Wyckoff’s unique approach to technical analysis has survived into the modern era and still works amazingly. It guides traders and investors on the best ways to pick winning stocks and other assets. Moreover, it helps traders like me and you to identify the most advantageous times to enter the market. So, in this post, I share the best strategies to trade Wyckoff accumulation. But let’s start with the basics.
I believe you have heard Wyckoff’s Method was originally focused on stocks, but it is now applied to all sorts of financial instruments. And in this post, I will share my insight on how to trade Wyckoff accumulation and get the highest possible accuracy. So, let’s start with the basics.
What is Wyckoff accumulation?
The accumulation is sideways and a range-bound trading period. It usually occurs after a prolonged downtrend. This is the trading zone where big players build long positions and wash out retail traders. They accumulate positions gradually to prevent the price from changing significantly.
How do you tell if a stock or other asset is being accumulated?
Accumulation can last a few months or even years. But in most cases, it takes 3 – 6 weeks. It looks like a long period of consolidation during a downtrend. So you can easily identify it on the chart. Also, the ratio of up days to down days is pretty much equal. Thus, volatility tends to be low due to the lack of interest.
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Best strategies trade Wyckoff accumulation
If 200 EMA is flattening out and the price has dropped over the last 3 – 6 months, then identify the highs/lows of the consolidation range. If the price reaches the range’s low and gets rejected, consider longs with a tight stop loss and take profit near the nearest swing high. The opposite works for shorts. However, consolidation can’t last forever. So tights stop loss is a must. The next 2 techniques are valid only for longs.
Paying attention to the fundamental factors that move the market is important. If the market has a fundamental setup for the rally, there is a big chance Wyckoff accumulation will play very well. So, first, ensure a fundamental cause for the run. If yes, aggressive traders can buy after a successful Spring. In other words, a swing failure with significant volume is a signal to go long. The stop loss, in this case, is a bit below the Spring.
Again make sure there is a fundamental setup for the rally. Then wait till phase D. We need a clear LPS and SOS (explained below). Consider longs if SOS breaks out to the upside. If your equity is very small, put a stop loss below the base of SOS. If your equity allows a wider stop, put it below LPS. I like this approach most of all, as it gives the best risk/reward. Moreover, the next phase (E) brings an aggressive rally. So, you get profit fast enough compared to the aggressive entry we discussed above.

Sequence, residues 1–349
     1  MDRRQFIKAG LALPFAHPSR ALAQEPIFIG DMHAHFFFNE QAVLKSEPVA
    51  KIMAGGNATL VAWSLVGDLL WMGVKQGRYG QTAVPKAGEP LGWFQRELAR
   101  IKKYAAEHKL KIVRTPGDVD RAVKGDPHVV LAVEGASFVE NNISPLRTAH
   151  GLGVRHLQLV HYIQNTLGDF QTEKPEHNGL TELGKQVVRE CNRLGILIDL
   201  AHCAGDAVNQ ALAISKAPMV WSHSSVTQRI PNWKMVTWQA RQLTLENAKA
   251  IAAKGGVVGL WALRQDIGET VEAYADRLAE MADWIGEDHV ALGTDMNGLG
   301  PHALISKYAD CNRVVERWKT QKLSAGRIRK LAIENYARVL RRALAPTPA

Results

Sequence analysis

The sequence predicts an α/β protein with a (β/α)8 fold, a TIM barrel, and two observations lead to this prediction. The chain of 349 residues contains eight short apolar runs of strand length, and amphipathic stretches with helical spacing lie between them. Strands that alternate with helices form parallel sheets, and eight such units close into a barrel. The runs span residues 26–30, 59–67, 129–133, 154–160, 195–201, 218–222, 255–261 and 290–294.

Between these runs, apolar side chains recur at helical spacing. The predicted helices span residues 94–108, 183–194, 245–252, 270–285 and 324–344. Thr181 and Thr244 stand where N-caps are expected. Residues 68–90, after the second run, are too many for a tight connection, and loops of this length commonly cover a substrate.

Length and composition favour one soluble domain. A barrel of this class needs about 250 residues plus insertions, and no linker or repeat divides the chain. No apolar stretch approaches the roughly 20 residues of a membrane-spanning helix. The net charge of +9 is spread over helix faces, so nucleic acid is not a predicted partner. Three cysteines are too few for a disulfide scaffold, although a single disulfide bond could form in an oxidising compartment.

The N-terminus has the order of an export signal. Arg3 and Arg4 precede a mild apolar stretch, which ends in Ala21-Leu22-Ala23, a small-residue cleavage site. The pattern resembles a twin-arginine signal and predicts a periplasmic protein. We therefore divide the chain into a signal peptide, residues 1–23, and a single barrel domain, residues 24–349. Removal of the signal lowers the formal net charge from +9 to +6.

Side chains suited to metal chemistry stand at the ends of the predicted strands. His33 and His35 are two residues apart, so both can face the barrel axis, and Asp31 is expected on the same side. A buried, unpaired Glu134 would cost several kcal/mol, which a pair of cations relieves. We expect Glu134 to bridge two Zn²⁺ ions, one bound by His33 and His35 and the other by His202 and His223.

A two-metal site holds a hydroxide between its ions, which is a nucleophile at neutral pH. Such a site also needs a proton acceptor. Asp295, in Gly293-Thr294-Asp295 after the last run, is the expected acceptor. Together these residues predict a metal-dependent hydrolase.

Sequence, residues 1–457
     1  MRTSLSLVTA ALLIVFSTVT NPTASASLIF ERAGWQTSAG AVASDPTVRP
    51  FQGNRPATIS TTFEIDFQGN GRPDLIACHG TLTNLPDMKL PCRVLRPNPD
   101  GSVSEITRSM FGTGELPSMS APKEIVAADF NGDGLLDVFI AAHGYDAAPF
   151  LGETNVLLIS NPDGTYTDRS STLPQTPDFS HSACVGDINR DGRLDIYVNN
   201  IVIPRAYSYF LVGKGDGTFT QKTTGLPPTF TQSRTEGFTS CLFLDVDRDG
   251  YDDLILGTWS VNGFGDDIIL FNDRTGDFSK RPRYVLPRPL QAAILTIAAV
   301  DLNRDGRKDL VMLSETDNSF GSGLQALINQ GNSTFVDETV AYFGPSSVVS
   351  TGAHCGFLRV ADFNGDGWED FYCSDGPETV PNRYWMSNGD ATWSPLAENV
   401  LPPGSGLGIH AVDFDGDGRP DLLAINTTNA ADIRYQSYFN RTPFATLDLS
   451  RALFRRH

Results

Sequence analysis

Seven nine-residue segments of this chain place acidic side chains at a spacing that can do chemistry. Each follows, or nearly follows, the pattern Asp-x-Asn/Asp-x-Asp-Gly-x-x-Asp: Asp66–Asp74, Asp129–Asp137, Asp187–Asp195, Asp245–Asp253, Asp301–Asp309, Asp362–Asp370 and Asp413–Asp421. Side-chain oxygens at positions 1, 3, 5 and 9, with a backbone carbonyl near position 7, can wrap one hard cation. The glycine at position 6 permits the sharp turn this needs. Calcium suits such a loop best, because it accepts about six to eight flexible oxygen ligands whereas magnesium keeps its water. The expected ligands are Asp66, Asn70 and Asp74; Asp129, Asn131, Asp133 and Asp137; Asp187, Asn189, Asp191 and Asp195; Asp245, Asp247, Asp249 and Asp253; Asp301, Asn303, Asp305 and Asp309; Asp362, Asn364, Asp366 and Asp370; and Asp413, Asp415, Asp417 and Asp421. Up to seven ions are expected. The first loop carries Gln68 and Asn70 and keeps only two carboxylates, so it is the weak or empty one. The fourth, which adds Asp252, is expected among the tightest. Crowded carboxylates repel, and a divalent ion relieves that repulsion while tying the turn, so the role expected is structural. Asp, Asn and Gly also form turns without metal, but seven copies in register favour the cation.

Reaccumulation is the pause in an uptrend that builds the cause for a new rally. It can take weeks, months, and even years to complete. Reaccumulation begins with an acceleration of the uptrend into a Buying Climax (BCLX). A BCLX and an Automatic Reaction (AR) set the resistance and support zones of the new consolidation area. The trendless trading range will discourage many traders, and they will sell shares to move on to other more active assets. At the same time, big players use the release and availability of shares to add to their positions.
Often traders misinterpret a reaccumulation as distribution. You can learn to make the essential distinction between these two conditions with careful analysis. Recall that absorption results in reaccumulation or accumulation, and price action becomes ever less volatile as the structure comes to a conclusion and the uptrend begins. This is because most available shares have been removed from the market. In the schematic above, notice how each of the lows (in the area of support) is higher than the prior low. It is not uncommon for the lowest price of the structure to be on the AR or the following Test. Reaccumulations can also have a Spring at the conclusion.
The best time to trade is SOS. In other words, a breakout above resistance, after Creek and LPS are clearly seen on the chart. The stop loss should be placed below support.
Wyckoff Accumulation Phases
The Wyckoff accumulation is a technical analysis approach. It helps traders navigate the financial markets based on studying the relationship between demand and supply forces. Many well-known investors used his approach, including James Keene, Jesse Livermore, Andrew Carnegie, J.P. Morgan, Jay Gould, and others.
It has been almost a century since its creation, but the Wyckoff Method is still one of the most popular and highly accurate approaches. It includes many principles, theories, and trading techniques.
As a result, it allows investors to make more logical decisions rather than acting out of emotions. Moreover, Wyckoff’s approach provides traders and investors with several tools for reducing risks and increasing their chances of success.
The Best 4 Strategies To Trade Wyckoff Accumulation. Phases and Events by Inna Rosputnia
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